“We cannot continue these kinds of engagement where the poor remain poor but we’re happy because we have helped them.”
You’re doing this community service, you go there only once a year and you give them false hopes. Is that the kind of involvement we want to have in our communities? Sitio Fatima has already been like that. Thirty years hence, it’s still the same and they are right beside us. That is a crime! It does not speak well of this school that they are still poor and they are beside us.
On the Digital Campus Initiatives
Pedagogy has to change. Nag-introduce kami ng Learning Management System (LMS) [but] statistics are showing us that the college faculty has not really adapted. I think the data says [only] 38% [has adapted]. Your paying for that but they are not using it. What’s wrong? Why is it that the Integrated School (IS) is a hundred percent? The way we teach has to change.
How can education be inclusive in DLSL when not all students can meet the demands of keeping up with the digital campus initiatives?
That was the first thing I was afraid of when we launched the Bring Your Own Device (BYOD) policy. How many [of our students] would actually have difficulty? I’m surprised. In fact, despite our previous fears, I have not heard of any complaints since we implemented BYOD, na [may nagsabing] “Hindi namin kaya.” We have concerns [like] ang mga scholars hindi nakakapasok, naglalakad, walang baon, walang pagkain. Alam ko yan, and that exists because I’ve talked to them. So what did we do to augment that? We have 300 scholars and we bought about a hundred of laptops which they can borrow the whole day basta ibalik nila sa hapon. I was surprised when we saw the statistics that not many [people had difficulty]. They were able to make do.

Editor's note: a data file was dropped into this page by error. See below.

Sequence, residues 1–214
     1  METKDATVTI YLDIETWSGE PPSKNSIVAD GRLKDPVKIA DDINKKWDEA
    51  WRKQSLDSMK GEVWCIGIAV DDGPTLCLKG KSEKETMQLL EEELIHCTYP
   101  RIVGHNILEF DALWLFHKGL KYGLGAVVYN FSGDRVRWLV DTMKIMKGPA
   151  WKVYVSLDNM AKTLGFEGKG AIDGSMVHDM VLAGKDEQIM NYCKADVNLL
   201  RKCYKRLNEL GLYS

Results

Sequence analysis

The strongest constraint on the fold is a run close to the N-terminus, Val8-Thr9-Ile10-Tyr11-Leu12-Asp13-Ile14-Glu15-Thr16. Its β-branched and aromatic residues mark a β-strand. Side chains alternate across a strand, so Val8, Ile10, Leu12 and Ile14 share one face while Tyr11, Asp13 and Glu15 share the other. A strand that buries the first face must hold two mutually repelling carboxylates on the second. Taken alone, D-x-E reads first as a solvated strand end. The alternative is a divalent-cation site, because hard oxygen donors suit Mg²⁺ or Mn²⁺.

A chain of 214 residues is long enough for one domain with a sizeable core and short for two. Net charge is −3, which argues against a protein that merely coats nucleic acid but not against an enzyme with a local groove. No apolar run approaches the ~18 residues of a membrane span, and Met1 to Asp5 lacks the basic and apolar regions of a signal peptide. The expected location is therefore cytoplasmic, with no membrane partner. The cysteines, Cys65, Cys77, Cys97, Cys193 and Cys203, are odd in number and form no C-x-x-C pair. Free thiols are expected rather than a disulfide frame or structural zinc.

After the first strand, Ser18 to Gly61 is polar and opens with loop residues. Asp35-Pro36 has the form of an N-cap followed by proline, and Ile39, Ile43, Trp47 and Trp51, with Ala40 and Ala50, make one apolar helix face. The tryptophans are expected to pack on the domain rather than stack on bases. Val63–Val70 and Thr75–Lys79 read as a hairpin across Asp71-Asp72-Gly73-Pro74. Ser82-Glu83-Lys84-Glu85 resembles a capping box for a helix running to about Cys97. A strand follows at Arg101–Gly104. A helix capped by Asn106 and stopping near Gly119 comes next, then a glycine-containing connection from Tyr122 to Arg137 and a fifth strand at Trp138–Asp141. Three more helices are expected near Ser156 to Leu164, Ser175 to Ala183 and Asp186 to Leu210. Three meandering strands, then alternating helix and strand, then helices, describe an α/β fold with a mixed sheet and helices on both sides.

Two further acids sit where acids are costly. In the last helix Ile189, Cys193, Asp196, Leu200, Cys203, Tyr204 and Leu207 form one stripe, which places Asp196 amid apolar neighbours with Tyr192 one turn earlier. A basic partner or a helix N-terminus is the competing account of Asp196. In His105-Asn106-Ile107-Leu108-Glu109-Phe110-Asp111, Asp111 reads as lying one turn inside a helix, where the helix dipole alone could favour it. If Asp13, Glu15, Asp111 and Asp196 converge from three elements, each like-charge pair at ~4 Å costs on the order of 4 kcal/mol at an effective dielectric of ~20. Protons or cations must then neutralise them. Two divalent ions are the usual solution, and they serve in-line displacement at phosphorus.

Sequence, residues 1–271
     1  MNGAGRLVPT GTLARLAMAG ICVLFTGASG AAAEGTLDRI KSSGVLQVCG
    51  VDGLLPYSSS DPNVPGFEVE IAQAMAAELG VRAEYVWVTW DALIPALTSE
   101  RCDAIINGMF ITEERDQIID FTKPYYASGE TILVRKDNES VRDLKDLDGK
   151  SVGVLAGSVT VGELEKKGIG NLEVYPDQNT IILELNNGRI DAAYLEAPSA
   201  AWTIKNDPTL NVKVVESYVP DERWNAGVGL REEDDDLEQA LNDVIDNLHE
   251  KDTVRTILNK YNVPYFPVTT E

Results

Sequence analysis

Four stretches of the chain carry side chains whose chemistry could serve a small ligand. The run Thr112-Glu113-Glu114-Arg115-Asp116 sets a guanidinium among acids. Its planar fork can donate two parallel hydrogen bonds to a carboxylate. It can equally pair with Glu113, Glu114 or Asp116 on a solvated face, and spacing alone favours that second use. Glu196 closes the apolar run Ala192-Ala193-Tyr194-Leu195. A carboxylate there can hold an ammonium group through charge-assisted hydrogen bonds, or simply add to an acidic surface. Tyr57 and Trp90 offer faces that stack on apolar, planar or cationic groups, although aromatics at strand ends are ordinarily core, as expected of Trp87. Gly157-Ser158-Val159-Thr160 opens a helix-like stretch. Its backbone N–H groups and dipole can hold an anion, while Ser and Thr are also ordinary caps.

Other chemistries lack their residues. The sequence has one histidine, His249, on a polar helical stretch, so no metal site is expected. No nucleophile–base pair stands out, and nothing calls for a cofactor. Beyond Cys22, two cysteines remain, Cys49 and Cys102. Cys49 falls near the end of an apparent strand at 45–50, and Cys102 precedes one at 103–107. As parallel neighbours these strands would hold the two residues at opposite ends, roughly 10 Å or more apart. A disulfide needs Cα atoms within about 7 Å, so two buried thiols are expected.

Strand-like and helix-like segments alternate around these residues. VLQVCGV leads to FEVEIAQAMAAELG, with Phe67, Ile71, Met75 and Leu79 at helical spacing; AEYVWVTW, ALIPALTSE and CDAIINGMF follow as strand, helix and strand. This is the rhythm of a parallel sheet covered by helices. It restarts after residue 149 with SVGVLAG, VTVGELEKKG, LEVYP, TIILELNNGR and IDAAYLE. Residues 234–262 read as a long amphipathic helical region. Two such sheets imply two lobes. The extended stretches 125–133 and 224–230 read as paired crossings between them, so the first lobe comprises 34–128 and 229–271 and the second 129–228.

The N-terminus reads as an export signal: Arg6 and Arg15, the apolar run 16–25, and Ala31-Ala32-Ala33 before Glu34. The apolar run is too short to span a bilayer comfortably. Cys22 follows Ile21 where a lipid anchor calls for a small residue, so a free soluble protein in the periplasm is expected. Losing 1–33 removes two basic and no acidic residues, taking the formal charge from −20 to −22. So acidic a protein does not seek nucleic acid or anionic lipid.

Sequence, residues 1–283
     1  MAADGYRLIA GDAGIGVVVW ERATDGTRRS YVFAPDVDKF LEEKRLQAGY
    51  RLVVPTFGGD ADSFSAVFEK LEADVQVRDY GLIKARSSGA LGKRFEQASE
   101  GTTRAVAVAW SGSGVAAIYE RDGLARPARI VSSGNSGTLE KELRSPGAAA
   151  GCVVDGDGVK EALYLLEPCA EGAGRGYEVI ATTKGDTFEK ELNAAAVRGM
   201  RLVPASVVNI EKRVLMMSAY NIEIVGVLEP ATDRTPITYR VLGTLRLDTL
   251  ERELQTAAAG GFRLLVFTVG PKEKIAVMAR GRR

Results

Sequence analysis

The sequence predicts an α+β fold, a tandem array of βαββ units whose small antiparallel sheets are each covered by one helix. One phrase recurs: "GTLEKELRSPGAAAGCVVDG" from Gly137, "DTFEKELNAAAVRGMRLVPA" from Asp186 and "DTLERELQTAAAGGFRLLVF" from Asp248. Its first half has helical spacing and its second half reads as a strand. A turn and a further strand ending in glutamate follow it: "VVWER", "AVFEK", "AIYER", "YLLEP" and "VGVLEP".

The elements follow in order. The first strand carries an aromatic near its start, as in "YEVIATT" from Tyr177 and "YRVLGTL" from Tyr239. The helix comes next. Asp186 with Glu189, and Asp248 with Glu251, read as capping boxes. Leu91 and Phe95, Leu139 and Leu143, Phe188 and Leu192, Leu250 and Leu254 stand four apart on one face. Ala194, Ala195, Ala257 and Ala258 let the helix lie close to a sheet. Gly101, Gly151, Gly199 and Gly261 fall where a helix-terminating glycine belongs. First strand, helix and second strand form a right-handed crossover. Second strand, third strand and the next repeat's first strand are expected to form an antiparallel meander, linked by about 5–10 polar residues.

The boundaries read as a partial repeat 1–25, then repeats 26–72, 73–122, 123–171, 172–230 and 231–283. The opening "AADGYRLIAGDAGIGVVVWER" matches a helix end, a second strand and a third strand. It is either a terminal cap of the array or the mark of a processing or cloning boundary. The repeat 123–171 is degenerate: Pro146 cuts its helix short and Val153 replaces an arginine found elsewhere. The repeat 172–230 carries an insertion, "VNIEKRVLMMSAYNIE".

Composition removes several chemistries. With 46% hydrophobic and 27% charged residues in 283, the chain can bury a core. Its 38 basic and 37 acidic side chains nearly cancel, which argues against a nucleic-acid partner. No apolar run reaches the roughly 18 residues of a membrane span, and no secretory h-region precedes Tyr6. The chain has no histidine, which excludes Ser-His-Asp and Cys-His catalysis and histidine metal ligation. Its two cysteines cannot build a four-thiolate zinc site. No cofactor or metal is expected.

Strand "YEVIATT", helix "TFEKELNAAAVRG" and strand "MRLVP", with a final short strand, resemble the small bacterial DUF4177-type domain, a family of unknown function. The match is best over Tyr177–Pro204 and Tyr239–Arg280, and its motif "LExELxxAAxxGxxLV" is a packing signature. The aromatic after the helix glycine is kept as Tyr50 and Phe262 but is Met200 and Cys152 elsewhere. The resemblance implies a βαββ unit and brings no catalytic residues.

The software used in our computer laboratories are no longer updated. When can we expect that these would be addressed?
Alam n’yo you have to bring that up because these things, hindi ito umaabot sa’kin. Maybe umaabot sa dean n’yo, I don’t know. It’s good that we heard from you.
Actually, it will all be cloud-based so that you could just download it. You are paying for it but you can only use it in school which is crazy. You pay for technology to use it in your labs, you should be able to use it even at home as long as you’re subscribed to it for the whole year. So that’s what we want to do, whether you’re [an] engineering or MMA [student], lahat dapat cloud-based.
We are experiencing issues in using our laboratories. There is lack of maintenance of equipment and some students are not able to perform laboratory experiments because custodians are no longer present during night classes.
There’s something wrong there somewhere. It’s should not be the case. Maintenance of equipment, again these are all operational things. There is an answer to that. Right now, I cannot answer you. We’re listening and we will deal with that. Of course, this should not be happening.
I’m telling you this is what keeps me awake at night because people are not doing their jobs. Those who are supposed to be maintaining these equipment should keep them in shape. Hindi pwedeng sabihing walang pera kasi kung kailangan eh di dapat gawin. Since I sat down as president, we always prioritize these things. So there is something wrong somewhere. We will find out where the problem is but it’s good you’re bringing this up.